An interesting article from last year on the new trend of serializing books on the web even before publication. The Translator gave his amusingly skeptical opinion of this trend here, which was in response to the editor’s posts, here and here.
Serializing novels is an old Korean tradition – but in the past it was based in literary magazines and newspapers.
An interesting question in my mind is why (as this article hints at) people were skeptical that the web model would be any different than the newspaper model? The signature difference, I suppose, would be that an author got at least one initial payment from a newspaper or journal, whereas the web is free. Still, if the paper model sold books the web model should as well.
This is, of course, what the article finds. ^^
Online literature serialization appears to be a win-win situation for all involved – the publishers, portals and online bookstores, not to mention the writers. The novels allow publishers to acquire new books and reach new audiences, while portals increase the traffic to their sites by providing diverse content. Writers benefit because their books are promoted online before they are actually printed. Online bookstores can increase their exposure to readers and boost their sales.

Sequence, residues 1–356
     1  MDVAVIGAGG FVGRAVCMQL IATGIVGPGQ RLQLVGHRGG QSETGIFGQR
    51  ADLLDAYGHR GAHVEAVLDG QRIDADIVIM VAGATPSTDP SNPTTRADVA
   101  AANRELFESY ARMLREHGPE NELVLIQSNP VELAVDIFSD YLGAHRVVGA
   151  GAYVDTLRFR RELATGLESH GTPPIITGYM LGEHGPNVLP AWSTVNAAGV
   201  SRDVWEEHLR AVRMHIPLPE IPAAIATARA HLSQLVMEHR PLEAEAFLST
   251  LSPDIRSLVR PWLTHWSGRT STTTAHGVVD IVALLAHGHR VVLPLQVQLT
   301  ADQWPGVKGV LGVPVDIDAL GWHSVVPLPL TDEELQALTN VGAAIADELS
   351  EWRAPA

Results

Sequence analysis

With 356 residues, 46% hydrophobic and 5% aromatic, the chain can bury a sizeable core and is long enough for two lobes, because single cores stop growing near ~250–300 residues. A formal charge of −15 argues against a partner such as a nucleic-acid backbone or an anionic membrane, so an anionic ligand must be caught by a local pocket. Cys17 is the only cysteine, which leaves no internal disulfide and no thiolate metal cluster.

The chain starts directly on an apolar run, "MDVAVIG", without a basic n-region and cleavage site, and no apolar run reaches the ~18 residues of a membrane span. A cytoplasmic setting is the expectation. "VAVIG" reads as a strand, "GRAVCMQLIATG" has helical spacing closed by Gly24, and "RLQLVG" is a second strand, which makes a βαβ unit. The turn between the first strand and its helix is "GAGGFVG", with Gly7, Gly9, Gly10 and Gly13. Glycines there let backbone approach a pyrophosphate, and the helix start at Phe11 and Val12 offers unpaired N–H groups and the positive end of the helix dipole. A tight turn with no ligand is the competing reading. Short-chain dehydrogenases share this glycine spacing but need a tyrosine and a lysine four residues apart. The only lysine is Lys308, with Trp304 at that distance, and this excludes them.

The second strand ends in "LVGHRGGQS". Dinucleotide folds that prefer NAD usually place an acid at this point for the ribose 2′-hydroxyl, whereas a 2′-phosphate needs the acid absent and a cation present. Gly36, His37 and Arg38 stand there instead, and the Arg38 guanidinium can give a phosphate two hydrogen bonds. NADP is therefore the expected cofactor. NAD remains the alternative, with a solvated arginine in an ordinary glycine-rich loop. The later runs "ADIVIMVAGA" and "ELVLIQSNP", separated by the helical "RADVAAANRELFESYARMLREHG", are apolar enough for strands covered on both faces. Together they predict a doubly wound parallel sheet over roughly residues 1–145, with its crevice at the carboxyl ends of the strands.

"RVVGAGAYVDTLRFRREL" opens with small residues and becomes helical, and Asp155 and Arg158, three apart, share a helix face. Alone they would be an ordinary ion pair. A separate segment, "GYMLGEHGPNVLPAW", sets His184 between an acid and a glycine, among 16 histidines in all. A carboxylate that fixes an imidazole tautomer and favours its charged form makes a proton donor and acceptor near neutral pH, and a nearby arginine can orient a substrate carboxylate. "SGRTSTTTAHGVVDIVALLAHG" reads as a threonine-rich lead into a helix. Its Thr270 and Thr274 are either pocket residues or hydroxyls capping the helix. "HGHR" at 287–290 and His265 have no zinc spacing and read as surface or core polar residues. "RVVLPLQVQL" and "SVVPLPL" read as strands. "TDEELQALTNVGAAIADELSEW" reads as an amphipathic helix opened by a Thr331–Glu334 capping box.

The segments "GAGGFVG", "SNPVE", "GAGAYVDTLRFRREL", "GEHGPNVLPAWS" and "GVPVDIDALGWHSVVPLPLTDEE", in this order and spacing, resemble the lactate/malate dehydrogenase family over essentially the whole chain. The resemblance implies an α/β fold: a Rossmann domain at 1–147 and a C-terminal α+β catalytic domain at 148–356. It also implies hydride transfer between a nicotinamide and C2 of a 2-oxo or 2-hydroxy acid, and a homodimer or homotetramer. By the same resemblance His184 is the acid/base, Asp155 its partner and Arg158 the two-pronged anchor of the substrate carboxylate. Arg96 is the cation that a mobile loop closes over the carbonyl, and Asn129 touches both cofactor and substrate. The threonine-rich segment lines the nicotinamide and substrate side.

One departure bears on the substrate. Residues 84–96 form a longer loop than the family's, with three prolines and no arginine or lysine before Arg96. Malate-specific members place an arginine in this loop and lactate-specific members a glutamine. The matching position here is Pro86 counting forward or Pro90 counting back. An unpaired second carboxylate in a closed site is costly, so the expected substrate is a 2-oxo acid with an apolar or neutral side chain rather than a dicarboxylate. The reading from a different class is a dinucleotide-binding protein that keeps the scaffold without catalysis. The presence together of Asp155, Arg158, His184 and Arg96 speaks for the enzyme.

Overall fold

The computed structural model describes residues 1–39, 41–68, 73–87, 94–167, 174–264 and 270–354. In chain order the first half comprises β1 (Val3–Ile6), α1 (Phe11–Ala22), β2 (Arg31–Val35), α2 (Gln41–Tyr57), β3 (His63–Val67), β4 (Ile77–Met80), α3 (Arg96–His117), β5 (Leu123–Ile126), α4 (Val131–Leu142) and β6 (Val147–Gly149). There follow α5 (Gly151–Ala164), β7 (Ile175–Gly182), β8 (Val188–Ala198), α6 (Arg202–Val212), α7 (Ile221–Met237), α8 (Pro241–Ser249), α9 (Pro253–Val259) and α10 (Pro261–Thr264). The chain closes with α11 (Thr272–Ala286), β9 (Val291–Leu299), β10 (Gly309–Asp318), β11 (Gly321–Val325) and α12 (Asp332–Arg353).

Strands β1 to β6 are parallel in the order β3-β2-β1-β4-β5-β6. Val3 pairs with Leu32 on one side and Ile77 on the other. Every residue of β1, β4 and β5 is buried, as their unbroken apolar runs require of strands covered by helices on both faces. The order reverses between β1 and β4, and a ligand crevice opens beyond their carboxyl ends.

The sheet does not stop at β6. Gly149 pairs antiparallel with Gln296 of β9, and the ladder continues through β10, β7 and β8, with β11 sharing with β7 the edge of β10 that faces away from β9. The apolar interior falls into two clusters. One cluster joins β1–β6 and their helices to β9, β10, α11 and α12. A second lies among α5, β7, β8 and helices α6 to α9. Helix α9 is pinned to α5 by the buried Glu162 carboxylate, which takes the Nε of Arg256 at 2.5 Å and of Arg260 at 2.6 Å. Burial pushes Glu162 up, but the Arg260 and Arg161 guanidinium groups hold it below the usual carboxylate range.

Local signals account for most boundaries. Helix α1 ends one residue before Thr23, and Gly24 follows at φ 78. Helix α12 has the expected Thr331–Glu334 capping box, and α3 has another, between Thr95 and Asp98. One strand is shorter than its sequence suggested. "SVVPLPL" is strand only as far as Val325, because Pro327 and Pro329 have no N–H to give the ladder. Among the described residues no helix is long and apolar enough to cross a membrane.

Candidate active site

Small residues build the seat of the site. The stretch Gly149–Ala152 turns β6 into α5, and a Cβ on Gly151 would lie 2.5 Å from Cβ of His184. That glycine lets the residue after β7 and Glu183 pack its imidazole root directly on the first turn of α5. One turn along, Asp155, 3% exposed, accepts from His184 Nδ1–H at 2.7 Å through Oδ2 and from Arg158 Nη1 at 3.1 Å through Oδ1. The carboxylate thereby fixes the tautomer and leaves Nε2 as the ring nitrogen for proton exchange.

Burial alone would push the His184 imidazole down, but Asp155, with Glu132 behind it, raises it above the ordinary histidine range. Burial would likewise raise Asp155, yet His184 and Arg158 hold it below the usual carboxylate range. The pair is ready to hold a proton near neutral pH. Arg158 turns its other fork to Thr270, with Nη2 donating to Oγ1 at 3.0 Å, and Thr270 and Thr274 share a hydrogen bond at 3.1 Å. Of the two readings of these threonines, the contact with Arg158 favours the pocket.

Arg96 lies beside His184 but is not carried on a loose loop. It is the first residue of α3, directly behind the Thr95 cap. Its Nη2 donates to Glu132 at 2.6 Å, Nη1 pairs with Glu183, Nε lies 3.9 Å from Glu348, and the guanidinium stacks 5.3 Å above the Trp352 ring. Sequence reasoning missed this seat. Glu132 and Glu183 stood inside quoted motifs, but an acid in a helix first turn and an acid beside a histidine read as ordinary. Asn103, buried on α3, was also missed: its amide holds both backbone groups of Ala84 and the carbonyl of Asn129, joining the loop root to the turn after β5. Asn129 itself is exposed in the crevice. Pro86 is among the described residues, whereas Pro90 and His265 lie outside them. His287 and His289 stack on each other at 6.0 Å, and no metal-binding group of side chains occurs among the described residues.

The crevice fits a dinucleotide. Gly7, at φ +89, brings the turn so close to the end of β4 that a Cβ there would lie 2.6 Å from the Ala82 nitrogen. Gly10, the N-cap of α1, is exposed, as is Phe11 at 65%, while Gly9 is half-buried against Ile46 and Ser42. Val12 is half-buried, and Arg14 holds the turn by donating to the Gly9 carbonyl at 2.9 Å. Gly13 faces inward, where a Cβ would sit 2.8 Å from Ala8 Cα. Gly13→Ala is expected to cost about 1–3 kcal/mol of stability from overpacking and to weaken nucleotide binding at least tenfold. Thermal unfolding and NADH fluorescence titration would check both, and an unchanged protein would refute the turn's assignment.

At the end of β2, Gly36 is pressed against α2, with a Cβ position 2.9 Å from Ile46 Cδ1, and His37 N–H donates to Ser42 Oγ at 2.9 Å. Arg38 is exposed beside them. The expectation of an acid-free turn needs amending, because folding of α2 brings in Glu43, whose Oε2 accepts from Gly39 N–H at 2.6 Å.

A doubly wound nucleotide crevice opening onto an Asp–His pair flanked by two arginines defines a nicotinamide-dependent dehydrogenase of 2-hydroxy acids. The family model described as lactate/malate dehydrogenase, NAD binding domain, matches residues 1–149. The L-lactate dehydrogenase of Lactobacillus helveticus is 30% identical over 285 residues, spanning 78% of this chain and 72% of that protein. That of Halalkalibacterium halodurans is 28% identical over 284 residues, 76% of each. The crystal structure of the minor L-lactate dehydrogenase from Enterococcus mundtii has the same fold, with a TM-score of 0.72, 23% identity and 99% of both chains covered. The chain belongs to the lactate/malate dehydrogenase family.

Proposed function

A demographically interesting note is that internet viewers tend to be, predictably, younger. This suggests web-serialization as a strategy not just to capture readers, but to capture new readers.
Finally, to a struggling website like KTLIT, the numbers are staggering:
Overall, it has been a huge success. The proof is in the millions of hits generated at sites that publish literature serials. For example, Park Bum-shin’s Cholatse garnered one million page views during its serial run while Hwang Suk-young’s “Hesperus” received more than two million hits. Gong Ji-young’s Dogani got 12 million hits between November 2008 and May 2009 and there were 50 to 100 reader responses posted per day.